But Hamacher was persistent. Wasn't the goal of SAGES to put on plays with a purpose? What better purpose was there than to warn seniors about the dangers of falling?

"At first I thought I'd rather get a root canal," Goldman admits. But she was blown away when Hamacher told her that Pinellas County alone gets 25,000 calls a year about falls. "When I heard that statistic, I knew I had to do it," says Goldman. "After all, my theater company has the word 'educational' in it." What better way to educate people about the dangers of falling than through storytelling? In Denying Gravity, a woman named Claire falls and breaks her arm, but stubbornly refuses to take precautions against falling again. She ends up falling again and again, eventually falling to her death.

"People were shocked that we actually have Claire die in the play, but we knew that shock was important to get our point across," Goldman says. But in a twist at the end of the play, there is a rewind of the action, so that Claire can be saved if she takes fall prevention to heart.

Saving Claire, in fact, is the name of a documentary produced by Ames Production about Goldman's play and the dramatic impact its lessons have had on audiences. The film was a collaboration among several groups, including Pinellas County 911 & EMS, Fire Departments, the Fall Prevention Coalition of BLS/AAAPP, the Florida Physical Therapy Association and, of course, Goldman's theater company, SAGES.

Goldman tapped Hamacher to direct Denying Gravity and now the fall prevention activist has joined SAGES as its vice president and executive director. Also on the SAGES team is Marvin Hollander, listed on the SAGES website as "Biggest Fan and Playbill Designer." The 90-year-old Hollander, who worked in the composing room at the New York Times for 28 years, is Goldman's fiance.

"We're not getting married," Goldman says, flashing her engagement ring. "There will be only one Mrs. Marvin Hollander." But she says the two enjoy going out to dinner together -- and working on SAGES play projects. Goldman's own spouse died in 2004, a 15-year-old union that Goldman says will be her last marriage. Her first marriage -- they had three children -- ended in divorce.

Does her personal life provide fodder for her plays? Yes, of course, Goldman says, but her observations of others are an even greater inspiration. "I am used to listening to other people's stories," she tells me. Growing up at a time when boys had a lot more freedom than girls, she was always told to sit still in the corner and be quiet. While her brothers got to run around, she would play with her dolls and make up stories with them based on conversations she had eavesdropped in on.

Goldman's next project, a play about telephone cons, is tentatively entitled Scams, populated with such playful characters as Sgt. Moe Money and Lt. Caramba from Cabbage Cove (not to be confused with Jessica Fletcher from Cabot Cove). She's finished with the research and already has a first draft. Like Neil Simon, her favorite playwright whose work often blends humor and tragedy, Scams is a mixture of comedy and drama.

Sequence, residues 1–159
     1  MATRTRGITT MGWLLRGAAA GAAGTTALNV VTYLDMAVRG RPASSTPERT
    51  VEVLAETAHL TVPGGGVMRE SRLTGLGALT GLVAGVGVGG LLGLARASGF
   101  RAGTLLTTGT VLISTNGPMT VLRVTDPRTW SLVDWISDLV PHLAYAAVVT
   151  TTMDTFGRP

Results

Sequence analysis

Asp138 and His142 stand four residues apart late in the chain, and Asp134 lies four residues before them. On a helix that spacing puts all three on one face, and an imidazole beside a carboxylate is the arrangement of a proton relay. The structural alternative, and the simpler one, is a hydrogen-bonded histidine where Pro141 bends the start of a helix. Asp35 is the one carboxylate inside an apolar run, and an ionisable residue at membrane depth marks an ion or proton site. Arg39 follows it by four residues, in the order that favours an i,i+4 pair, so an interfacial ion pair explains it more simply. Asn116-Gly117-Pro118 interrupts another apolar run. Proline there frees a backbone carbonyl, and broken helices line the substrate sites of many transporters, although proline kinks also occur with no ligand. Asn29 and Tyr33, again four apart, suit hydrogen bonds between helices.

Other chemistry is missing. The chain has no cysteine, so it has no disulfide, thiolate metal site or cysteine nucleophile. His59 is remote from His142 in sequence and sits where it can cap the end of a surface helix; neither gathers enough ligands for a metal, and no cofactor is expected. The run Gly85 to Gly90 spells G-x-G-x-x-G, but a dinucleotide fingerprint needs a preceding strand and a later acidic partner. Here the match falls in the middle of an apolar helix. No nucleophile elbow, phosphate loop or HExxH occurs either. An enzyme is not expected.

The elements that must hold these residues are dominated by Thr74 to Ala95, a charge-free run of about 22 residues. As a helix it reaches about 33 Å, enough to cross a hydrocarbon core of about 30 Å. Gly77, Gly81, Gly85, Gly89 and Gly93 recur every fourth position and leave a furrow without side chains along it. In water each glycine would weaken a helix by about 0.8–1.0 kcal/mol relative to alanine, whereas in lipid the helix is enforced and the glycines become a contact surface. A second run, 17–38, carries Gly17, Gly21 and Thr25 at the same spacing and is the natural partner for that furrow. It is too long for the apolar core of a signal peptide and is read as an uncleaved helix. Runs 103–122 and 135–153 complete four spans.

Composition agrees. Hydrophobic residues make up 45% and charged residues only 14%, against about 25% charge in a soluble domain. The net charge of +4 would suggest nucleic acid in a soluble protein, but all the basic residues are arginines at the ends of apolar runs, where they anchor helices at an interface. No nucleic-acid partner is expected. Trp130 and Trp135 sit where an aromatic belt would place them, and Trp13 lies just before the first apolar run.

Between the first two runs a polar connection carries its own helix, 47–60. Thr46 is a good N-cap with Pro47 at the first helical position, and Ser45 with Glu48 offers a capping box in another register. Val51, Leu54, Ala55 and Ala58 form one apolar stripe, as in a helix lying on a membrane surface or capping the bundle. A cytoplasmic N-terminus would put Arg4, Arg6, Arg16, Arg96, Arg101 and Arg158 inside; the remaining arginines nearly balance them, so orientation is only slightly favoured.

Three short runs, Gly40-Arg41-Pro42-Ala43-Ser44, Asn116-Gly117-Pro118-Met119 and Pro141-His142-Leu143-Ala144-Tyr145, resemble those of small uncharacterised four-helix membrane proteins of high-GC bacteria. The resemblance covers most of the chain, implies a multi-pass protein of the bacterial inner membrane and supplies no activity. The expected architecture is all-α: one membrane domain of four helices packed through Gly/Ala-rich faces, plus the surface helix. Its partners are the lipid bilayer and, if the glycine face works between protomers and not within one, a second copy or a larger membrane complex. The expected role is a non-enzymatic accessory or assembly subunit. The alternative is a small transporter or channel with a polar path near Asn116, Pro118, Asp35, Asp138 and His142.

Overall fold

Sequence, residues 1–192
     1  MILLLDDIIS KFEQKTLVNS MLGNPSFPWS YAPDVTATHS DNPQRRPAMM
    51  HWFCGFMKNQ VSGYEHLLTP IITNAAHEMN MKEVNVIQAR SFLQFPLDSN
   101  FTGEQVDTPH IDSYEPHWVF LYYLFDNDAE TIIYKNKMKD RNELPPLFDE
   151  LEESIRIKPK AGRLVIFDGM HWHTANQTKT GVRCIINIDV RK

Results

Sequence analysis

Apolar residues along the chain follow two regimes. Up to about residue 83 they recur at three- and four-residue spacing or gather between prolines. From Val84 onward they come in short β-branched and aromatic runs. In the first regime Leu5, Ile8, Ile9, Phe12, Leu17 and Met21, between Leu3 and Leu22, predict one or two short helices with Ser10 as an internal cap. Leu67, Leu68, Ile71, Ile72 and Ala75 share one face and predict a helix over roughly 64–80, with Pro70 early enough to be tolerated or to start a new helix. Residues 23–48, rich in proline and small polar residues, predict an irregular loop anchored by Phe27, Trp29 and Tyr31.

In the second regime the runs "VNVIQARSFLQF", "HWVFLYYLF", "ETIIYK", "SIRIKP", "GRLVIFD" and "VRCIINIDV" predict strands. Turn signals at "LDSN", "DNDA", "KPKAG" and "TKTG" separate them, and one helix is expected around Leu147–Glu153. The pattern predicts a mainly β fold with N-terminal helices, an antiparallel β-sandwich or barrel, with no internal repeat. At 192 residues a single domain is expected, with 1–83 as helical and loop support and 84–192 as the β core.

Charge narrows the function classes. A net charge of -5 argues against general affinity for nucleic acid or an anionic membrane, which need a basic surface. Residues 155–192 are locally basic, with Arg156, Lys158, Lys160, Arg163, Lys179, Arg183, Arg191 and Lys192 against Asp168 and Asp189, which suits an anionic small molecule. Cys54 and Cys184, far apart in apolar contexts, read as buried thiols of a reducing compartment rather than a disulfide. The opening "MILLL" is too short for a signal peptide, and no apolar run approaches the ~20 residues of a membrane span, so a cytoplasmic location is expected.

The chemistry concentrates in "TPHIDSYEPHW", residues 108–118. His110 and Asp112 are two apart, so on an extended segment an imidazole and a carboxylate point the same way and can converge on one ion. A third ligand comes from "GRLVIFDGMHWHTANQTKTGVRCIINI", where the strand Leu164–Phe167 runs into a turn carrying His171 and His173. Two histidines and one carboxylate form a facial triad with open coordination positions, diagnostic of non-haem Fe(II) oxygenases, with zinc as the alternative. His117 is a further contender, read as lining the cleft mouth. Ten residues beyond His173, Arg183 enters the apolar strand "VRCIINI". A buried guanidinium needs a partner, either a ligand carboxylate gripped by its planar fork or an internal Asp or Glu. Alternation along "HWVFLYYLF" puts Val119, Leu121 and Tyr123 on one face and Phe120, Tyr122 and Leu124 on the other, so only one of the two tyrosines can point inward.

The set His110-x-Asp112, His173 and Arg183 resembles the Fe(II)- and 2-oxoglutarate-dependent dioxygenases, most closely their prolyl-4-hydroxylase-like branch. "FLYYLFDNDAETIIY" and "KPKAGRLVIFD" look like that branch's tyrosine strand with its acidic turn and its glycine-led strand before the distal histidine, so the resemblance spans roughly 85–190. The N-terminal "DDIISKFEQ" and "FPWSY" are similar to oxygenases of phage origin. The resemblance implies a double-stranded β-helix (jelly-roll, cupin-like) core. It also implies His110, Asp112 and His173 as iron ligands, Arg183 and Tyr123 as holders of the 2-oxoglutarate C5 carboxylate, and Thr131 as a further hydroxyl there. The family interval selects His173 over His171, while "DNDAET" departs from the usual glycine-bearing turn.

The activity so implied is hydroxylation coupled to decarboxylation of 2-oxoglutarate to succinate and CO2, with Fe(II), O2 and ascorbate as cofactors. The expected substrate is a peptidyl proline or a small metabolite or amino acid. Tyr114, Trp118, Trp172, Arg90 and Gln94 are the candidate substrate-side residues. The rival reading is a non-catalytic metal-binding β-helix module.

All of her plays are. After all, says Goldman, "Life is never just one or the other, is it?"


Friday, August 23, 2019

Older Women: The Year of Kicking Serious Butt

     Need some inspiration? For anyone who's been feeling stuck lately or who's been worrying that it's too late to make a difference, consider these older women who clearly don't understand the meaning of giving up:

      This week 89-year-old Dolores Huerta, who co-founded the National Farmworkers Association with Cesar Chavez, got herself arrested in Fresno along with seven members of the International Services Emplyees Union 2015 .during a protest demanding a raise for the county's home care workers. The workers haven't had a raise in 10 years. They make $12 per hour. They were asking for a dollar more.

      Earlier this year, thanks to the Democrat's sweep during the mid-terms, 78-year old Donna Shalala entered the House of Representatives as that body's oldest freshman and Maxine Waters at 80 became the first woman to head the House's Financial Services Committee.

     At 78 Nancy Pelosi has risen as a formidable opponent of Donald Trump: She is one of the few women he dares not give a nasty nickname. At 70, Elizabeth Warren is the leading woman candidate for president.

     At 71 Glenn Close won a Golden Globe for her role in "The Wife," based on a novel by 60-year-old Meg Wolitzer about a woman who puts her own needs and desires aside to help a narcissistic husband. The movie took 14 years to get made -- perhaps because its title was "The Wife" as Close joked in her acceptance speech?

     But no one has had to wait for success as long as Carmen Herrera. While her male contemporaries, abstract artists Frank Stella and Ellsworth Kelly, were being heralded, Herrera -- Cuban and female -- was ignored. But, thanks to a supportive husband and her love of the straight line, she persisted

     Finally in 2009, Herrera got her first break: her first solo show at the British Gallery Ikon in Birmingham. The was 94.

     They say if you wait long enough your bus will come. "I waited for my bus for 94 years," says Herrera who lives and works in New York City. Yes, she still works. Though she can no longer walk on her own and has to have in-home care, she is still painting and creating.

     And now there are Herreras all over NYC. At the Metropolitan Museum of Art on the Upper West Side, the exhibit that bears her name -- Epic Abstraction: From Herrera to Pollack -- includes her acrylic painting Equilibro, which she completed in 2012 when she was 97.

     And to the south in New York's City Hall Park, five monumental outdoor sculptures by Herrera are on display until November 8. The are Herrera's first major sculpture exhibit although she first designed three-dimensional forms based on her hard-edged minimalist paintings back in the late 1960s. Another bus that took a long time to come. Only a few of her designs were ever turned into sculptures.

     The New York display, called Estructuras Monumentales, includes three sculptures from those earlier designs and two new ones, including Angulo Rojo which she designed in 2017 when she was 102.

Angulo Royo by Carmen Herrera (2017)